The recent public launching of our genealogical and biographical database, HSP Encounters, is an exciting event. HSP Encounters is now available remotely to HSP members and to onsite researchers, and is a part of Discover, HSP's online catalog. The database is based upon making accessible unique HSP collections that are rich in personal information, assisting family researchers in both establishing their family trees and learning about the lives of their ancestors. The project has just begun its fourth year, funded by a generous grant from the McFarland Foundation.
One great resource in the database are the index cards for the Oliver Bair funeral home records, with the names of the deceased and of the person, usually a family member, responsible for paying the funeral home bills. The researcher has the option of purchasing a copy of the funeral file, which contains a plethora of valuable information about the deceased, often including their former occupation, name of spouse, date of birth, names of parents, cause of death, and (for those who are interested) the type of casket and assorted funeral expenses. The hair and eye color, and weight, of the deceased person are usually included, and many files contain additional documents, usually newspaper obituaries or correspondence relating to the payment (or non-payment) of funeral home bills.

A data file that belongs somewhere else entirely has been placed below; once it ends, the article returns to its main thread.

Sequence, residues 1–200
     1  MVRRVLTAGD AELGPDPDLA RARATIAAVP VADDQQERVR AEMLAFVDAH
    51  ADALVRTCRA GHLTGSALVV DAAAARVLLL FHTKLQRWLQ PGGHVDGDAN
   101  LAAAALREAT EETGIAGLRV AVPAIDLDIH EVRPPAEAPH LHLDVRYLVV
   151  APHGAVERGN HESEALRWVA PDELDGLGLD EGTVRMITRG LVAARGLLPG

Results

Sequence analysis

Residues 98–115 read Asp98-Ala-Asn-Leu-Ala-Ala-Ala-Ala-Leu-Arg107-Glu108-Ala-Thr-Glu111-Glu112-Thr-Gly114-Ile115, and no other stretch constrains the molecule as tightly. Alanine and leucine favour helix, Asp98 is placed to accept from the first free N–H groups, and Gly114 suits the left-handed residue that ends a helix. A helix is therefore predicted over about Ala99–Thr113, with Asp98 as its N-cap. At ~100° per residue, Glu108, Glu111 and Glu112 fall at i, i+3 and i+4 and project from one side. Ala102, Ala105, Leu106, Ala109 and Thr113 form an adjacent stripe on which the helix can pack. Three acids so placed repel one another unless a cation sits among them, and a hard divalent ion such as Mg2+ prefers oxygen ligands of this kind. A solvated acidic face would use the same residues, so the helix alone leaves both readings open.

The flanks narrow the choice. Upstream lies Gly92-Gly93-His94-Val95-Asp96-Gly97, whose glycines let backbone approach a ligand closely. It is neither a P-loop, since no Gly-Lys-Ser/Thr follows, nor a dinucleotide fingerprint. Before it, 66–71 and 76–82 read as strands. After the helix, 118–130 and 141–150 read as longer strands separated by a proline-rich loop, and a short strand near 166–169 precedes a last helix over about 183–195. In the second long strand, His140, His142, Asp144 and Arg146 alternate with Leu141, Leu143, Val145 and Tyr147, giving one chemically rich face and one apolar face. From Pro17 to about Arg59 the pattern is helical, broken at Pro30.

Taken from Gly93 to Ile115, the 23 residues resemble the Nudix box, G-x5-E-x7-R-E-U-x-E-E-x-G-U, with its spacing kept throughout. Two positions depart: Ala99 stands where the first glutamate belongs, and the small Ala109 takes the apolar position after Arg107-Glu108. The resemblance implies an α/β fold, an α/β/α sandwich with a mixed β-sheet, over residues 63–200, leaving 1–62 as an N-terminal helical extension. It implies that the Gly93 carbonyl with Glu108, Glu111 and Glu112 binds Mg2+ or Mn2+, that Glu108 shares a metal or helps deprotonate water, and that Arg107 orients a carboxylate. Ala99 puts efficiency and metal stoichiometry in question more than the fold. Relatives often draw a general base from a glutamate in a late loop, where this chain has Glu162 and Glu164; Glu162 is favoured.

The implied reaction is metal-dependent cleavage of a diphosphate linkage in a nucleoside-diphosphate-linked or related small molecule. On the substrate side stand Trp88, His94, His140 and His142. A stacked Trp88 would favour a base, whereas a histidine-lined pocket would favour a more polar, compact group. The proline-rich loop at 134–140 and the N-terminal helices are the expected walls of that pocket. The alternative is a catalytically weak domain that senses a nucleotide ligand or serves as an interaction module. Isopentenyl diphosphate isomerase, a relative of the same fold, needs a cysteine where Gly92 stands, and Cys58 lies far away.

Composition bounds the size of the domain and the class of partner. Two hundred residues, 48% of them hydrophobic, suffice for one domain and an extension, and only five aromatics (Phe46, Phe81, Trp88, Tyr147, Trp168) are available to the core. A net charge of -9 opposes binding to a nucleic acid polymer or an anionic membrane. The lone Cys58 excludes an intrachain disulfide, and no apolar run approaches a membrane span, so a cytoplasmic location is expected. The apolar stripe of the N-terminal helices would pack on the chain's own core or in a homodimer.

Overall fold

There are two other large sets of index cards in HSP Encounters that had been assembled over the years by library staff and volunteers, to the Pennsylvania Revolutionary War Battalions and Militia muster rolls and to the Genealogical Scrapbooks and Research Folders collection. We’ve gotten a steady number of requests for copies of the muster rolls (as transcribed in the Pennsylvania Archives) which we send along with any descriptive information in the Pennsylvania Archives about the military activities of the company. The genealogy cards refer to research that is not apt to be found any other way, since the information on the noted family is usually contained in research primarily (and hence cataloged as) about another family. It is but one example of how much information lurks in the nooks and crannies of the HSP.
Most exciting, due to the depth of documentation, are the record descriptions provided in HSP Encounters from the registers of the Home Missionary Society of Philadelphia, the Philadelphia Home for Infants, and the Philadelphia Placement Office, all late 19th Century charitable organizations. The register of the Home Missionary Society records 4,891 visits by representatives (three energetic individuals, working solo) to poor families in Philadelphia over a six year period. The society generally dealt with the female head of household, providing her name but also noting the number of family members, street address, religious denomination, race, and the relief granted (coal, clothing, groceries, or cash). A brief remark is often made about the reason for the family’s predicament, such as “Husband drinks, wife sickly” and “Husband a wounded soldier, disabled.” The combination of the specific relief granted and the note on the family situation creates vivid images of families in distress.